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Small Russian flags bearing the word "Trump" are thrown by a protester toward President Trump on Tuesday. Photo: J. Scott Applewhite / AP

So much media coverage centers on four Republican Trump critics — one retired, two retiring and one facing a deadly, possibly career- or life-ending cancer: George W. Bush, Sen. Jeff Flake (Ariz.), Senate Foreign Relations Chairman Bob Corker (Tenn.) and Senate Armed Services Chairman John McCain (Ariz.).

Lost in this: President Trump enjoys public support (despite private gripes) from most of the 49 other Senate Republicans and 239 House Republicans, including every person in elected leadership.

  • Trump got standing ovations from Senate Republicans, with Corker in the room.
  • This flows from his strong, sustained support of GOP voters.
  • Corker is right: Republicans in private cringe at the thought of President Trump. But it's meaningless if they publicly bow to him, routinely vote for him and never condemn him.
  • This — not the criticism by the few — is the story of the moment and the first nine months: With few accomplishments, countless petty GOP fights and slights, Trump is strong as ever.
  • Flake is the proof. While cable lapped up his anti-Trump retirement speech ("I will not be complicit"), the truth is he was forced out because he wrote a book critical of the president and saw his base turn on him. If Flake ran, he was toast. Arizona Republicans prefer Trump to Flake.
  • Corker is proof, too. He sucked up to Trump before turning on him. Once Corker turned, he was probably toast, too. Tennessee Republicans prefer Trump to Corker, too.

Sound smart: For all the warnings of how harshly history will judge the Trump enablers, that history will need to be told in an exceptionally long book — because the vast majority of Republicans are forever marked as Trump Republicans.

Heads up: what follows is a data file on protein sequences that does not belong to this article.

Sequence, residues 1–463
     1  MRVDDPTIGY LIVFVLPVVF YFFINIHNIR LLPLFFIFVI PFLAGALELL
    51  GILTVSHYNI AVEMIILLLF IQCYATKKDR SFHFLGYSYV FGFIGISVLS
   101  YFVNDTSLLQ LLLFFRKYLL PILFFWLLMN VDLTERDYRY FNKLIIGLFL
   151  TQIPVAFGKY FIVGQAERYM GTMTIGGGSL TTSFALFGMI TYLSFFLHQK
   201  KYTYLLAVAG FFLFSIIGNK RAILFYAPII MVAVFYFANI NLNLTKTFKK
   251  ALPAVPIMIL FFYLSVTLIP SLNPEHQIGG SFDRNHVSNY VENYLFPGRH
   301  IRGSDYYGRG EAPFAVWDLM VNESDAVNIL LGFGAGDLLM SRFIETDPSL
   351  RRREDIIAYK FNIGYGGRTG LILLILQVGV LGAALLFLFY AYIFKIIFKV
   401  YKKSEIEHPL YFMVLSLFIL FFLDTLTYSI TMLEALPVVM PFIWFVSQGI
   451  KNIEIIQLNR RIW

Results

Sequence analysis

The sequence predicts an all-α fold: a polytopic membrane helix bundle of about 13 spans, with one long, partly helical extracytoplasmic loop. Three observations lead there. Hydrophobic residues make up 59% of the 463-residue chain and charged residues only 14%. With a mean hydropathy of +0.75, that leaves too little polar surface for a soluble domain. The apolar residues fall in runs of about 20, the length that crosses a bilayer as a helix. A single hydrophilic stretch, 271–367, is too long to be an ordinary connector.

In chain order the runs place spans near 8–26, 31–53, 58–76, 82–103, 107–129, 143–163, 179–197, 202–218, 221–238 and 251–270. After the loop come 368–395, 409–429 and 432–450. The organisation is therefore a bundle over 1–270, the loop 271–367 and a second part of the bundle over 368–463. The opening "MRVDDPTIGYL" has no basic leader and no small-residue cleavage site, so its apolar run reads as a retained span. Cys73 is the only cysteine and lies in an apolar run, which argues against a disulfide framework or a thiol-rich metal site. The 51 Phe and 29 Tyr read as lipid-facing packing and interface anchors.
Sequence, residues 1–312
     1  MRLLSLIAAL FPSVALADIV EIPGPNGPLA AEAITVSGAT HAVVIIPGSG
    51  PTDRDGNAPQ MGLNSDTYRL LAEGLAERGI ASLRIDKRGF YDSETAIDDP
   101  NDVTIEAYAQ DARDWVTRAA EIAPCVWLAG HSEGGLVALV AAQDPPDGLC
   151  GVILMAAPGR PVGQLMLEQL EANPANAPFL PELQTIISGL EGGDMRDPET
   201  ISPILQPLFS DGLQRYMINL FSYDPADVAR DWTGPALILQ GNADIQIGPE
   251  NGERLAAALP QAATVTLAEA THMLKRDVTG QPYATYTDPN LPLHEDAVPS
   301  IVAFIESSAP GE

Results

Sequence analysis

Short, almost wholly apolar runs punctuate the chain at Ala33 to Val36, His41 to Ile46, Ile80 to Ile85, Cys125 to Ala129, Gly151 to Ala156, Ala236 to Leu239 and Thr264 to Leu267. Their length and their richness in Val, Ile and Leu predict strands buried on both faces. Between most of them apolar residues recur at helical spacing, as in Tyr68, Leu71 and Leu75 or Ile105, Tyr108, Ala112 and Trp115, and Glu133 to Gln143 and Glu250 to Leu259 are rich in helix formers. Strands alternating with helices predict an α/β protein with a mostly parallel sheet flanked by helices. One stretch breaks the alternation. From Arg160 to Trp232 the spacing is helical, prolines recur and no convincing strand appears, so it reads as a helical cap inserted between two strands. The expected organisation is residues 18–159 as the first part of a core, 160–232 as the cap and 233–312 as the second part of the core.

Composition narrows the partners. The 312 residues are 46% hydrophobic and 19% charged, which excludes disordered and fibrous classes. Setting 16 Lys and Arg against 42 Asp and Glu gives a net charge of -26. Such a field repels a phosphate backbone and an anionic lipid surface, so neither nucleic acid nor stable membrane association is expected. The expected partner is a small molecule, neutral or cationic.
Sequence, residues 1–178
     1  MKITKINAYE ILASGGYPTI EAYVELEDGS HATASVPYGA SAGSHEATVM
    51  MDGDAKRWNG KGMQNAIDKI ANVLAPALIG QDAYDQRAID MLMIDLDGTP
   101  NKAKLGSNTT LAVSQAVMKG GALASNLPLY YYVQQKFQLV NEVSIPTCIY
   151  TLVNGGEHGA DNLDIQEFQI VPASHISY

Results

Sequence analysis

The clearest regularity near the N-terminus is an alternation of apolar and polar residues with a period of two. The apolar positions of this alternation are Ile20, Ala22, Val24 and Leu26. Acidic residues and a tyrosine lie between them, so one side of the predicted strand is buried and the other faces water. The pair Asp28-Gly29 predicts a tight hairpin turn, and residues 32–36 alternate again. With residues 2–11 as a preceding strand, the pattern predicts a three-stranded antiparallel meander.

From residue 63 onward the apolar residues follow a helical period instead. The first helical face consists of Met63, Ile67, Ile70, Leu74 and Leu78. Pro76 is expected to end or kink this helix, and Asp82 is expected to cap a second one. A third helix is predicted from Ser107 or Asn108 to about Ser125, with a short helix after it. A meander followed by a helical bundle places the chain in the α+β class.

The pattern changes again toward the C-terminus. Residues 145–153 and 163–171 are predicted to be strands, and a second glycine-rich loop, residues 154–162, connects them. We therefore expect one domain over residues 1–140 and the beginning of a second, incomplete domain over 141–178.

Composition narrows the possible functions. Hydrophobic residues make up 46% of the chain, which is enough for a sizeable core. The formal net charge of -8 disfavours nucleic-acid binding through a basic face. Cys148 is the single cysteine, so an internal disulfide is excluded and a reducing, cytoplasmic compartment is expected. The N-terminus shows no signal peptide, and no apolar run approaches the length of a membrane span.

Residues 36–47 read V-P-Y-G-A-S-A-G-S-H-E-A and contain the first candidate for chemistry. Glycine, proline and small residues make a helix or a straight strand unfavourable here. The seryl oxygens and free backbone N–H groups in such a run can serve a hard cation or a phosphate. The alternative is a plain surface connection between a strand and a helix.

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Go deeper

Updated 3 hours ago - World

Death toll mounts as fighting between Israel and Hamas intensifies

Palestinian Muslims exchange wishes for Eid al-Fitr, marking the end of the holy month of Ramadan, near a razed building in the northern Gaza Strip town of Beit Lahia, on May 13. Photo: Majdi Fathi/NurPhoto via Getty Images

At least 109 Palestinians and seven people in Israel have been killed since recent fighting between Israel's military and Hamas began Monday.

The big picture: Israel began massing troops on its border with Gaza on Thursday, launching attacks from the air and ground as Hamas continued to fire rockets into Israel.

By the numbers: Where the earmarks are wanted

Expand chart
Data: House Committee on Appropriations; Chart: Danielle Alberti/Axios

The Dallas-Fort Worth area is being targeted for the largest collective earmark request in the country, according to a detailed breakdown of overall requests released by the House Appropriations Committee.

Why it matters: House appropriators are trying to balance bipartisan momentum for infrastructure investment with "pork-barrel" spending's checkered political history. The data dump is an effort to provide transparency for what are now termed "community project funding" requests.

Democrats open to user fees for infrastructure deal

President Biden sits Thursday with Sen. Shelley Moore Capito (R-W.Va.) as they discuss his $2.3 trillion infrastructure proposal. Photo: T.J. Kirkpatrick/The New York Times/Bloomberg via Getty Images

Some Senate Democrats are open to paying for a compromise infrastructure package by imposing user fees, including increasing the gas tax and raising money from electric car drivers through a vehicle-miles-traveled charge.

Why it matters: By inching toward the Republican position on pay-fors, some Democrats are bucking President Biden's push to offset his proposed $2.3 trillion plan by focusing only on raising taxes on corporations and the wealthy.